Language Shift among the Navajos: Identity Politics and Cultural Continuity; A Forest of Time: American Indian Ways of History

Language Shift among the Navajos: Identity Politics and Cultural Continuity; A Forest of Time:... is her conclusion: despite the essentialist trap, Navajos should employ Native practices to promote the ‘‘Navajo way.’’ Despite these flaws, however, the book is rich in interviews with Dine people such as Martha Jackson, who describes her experiences in the infamous ‘‘outing’’ program that sent children already incarcerated in boarding schools out to work as domestics or farm laborers in white families (for wages paid directly to the schools, ostensibly for the children’s food, room, and clothing). Jackson’s story is only one of several that will be of interest to future scholars. Peter Nabokov’s Forest of Time, on the other hand, is wonderful. Without offering any narrow prescriptions for understanding Native America’s ‘‘historicity,’’ Nabokov deftly covers an impressively broad ground without sinking into stereotypes. Unlike House, Nabokov also avoids a confining ethnocentrism. He gracefully shares his unique perspective, that of a non-Indian scholar and activist who has spent decades teaching and researching as well as working with and for Native communities. Nabokov also adds politics and history to his study, thus avoiding romanticized images of timeless, natureloving primitives. Elegantly written, Nabokov’s study of American Indians’ practice of history is a feast for those interested in the nature of http://www.deepdyve.com/assets/images/DeepDyve-Logo-lg.png American Literature Duke University Press

Language Shift among the Navajos: Identity Politics and Cultural Continuity; A Forest of Time: American Indian Ways of History

American Literature, Volume 75 (4) – Dec 1, 2003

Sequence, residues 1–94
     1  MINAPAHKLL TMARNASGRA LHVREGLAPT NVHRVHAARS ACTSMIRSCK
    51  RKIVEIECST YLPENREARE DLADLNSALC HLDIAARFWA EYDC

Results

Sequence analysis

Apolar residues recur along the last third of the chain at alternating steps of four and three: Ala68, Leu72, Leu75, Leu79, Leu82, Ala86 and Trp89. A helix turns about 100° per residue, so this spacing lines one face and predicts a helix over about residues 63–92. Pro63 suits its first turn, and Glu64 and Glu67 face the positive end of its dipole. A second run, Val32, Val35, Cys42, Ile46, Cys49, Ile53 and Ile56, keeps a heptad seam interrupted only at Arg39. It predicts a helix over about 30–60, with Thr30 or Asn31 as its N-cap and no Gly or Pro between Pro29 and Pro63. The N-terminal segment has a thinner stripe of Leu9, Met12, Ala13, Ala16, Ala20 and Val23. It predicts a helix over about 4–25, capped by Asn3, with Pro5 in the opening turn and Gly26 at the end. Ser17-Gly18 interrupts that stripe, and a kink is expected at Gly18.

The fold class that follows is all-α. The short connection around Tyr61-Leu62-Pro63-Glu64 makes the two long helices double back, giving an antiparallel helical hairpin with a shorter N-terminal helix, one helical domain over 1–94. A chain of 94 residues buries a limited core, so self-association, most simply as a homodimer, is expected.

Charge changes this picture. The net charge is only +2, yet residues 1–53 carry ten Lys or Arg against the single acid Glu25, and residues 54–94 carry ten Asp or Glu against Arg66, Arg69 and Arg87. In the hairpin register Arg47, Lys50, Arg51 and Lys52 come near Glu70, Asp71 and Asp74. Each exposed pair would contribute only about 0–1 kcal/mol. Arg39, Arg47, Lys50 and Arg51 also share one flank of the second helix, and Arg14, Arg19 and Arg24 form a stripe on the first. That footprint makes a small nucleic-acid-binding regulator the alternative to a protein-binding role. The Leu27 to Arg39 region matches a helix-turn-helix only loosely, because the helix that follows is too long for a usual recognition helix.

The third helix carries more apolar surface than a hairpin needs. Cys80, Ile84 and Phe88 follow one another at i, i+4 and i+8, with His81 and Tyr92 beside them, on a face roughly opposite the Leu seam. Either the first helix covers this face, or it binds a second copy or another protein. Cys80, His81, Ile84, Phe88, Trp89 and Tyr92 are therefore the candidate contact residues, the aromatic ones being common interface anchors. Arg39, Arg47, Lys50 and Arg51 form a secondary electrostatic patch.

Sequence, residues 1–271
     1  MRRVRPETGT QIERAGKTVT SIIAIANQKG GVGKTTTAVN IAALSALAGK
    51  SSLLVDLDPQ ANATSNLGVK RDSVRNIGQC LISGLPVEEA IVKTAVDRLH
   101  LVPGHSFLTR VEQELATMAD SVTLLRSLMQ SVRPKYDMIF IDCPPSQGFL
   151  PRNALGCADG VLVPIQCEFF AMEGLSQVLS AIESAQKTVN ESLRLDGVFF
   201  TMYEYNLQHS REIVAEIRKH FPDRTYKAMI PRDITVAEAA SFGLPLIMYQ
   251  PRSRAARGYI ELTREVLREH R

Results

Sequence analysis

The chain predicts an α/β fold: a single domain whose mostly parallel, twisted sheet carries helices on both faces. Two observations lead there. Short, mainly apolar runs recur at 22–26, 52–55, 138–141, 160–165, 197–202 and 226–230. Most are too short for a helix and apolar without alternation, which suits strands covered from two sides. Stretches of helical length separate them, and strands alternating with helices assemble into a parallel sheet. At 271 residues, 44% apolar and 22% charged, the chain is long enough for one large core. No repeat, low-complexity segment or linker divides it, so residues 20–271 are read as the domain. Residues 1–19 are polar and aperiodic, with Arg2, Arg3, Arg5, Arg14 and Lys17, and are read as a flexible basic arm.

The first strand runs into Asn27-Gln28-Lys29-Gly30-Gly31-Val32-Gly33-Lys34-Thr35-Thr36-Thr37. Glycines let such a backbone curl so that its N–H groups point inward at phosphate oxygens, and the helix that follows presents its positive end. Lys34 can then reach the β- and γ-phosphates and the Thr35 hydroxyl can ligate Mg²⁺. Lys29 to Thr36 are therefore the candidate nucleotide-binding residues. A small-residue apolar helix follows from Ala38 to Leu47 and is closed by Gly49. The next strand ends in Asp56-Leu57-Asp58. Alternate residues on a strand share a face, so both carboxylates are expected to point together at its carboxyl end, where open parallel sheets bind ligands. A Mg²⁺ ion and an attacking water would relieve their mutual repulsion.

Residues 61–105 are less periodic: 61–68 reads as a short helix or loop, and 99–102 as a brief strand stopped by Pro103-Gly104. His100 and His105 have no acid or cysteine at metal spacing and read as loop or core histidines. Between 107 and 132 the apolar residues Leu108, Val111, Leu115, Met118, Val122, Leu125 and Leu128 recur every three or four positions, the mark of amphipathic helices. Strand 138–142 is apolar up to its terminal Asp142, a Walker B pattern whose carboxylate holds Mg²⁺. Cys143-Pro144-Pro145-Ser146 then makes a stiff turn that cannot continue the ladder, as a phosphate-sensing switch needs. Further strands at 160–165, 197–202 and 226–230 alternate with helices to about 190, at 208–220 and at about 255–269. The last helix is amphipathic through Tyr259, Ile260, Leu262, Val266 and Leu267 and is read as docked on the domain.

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Publisher
Duke University Press
Copyright
Copyright 2003 by Duke University Press
ISSN
0002-9831
eISSN
1527-2117
DOI
10.1215/00029831-75-4-899
Publisher site
See Article on Publisher Site

Abstract

is her conclusion: despite the essentialist trap, Navajos should employ Native practices to promote the ‘‘Navajo way.’’ Despite these flaws, however, the book is rich in interviews with Dine people such as Martha Jackson, who describes her experiences in the infamous ‘‘outing’’ program that sent children already incarcerated in boarding schools out to work as domestics or farm laborers in white families (for wages paid directly to the schools, ostensibly for the children’s food, room, and clothing). Jackson’s story is only one of several that will be of interest to future scholars. Peter Nabokov’s Forest of Time, on the other hand, is wonderful. Without offering any narrow prescriptions for understanding Native America’s ‘‘historicity,’’ Nabokov deftly covers an impressively broad ground without sinking into stereotypes. Unlike House, Nabokov also avoids a confining ethnocentrism. He gracefully shares his unique perspective, that of a non-Indian scholar and activist who has spent decades teaching and researching as well as working with and for Native communities. Nabokov also adds politics and history to his study, thus avoiding romanticized images of timeless, natureloving primitives. Elegantly written, Nabokov’s study of American Indians’ practice of history is a feast for those interested in the nature of

Journal

American LiteratureDuke University Press

Published: Dec 1, 2003

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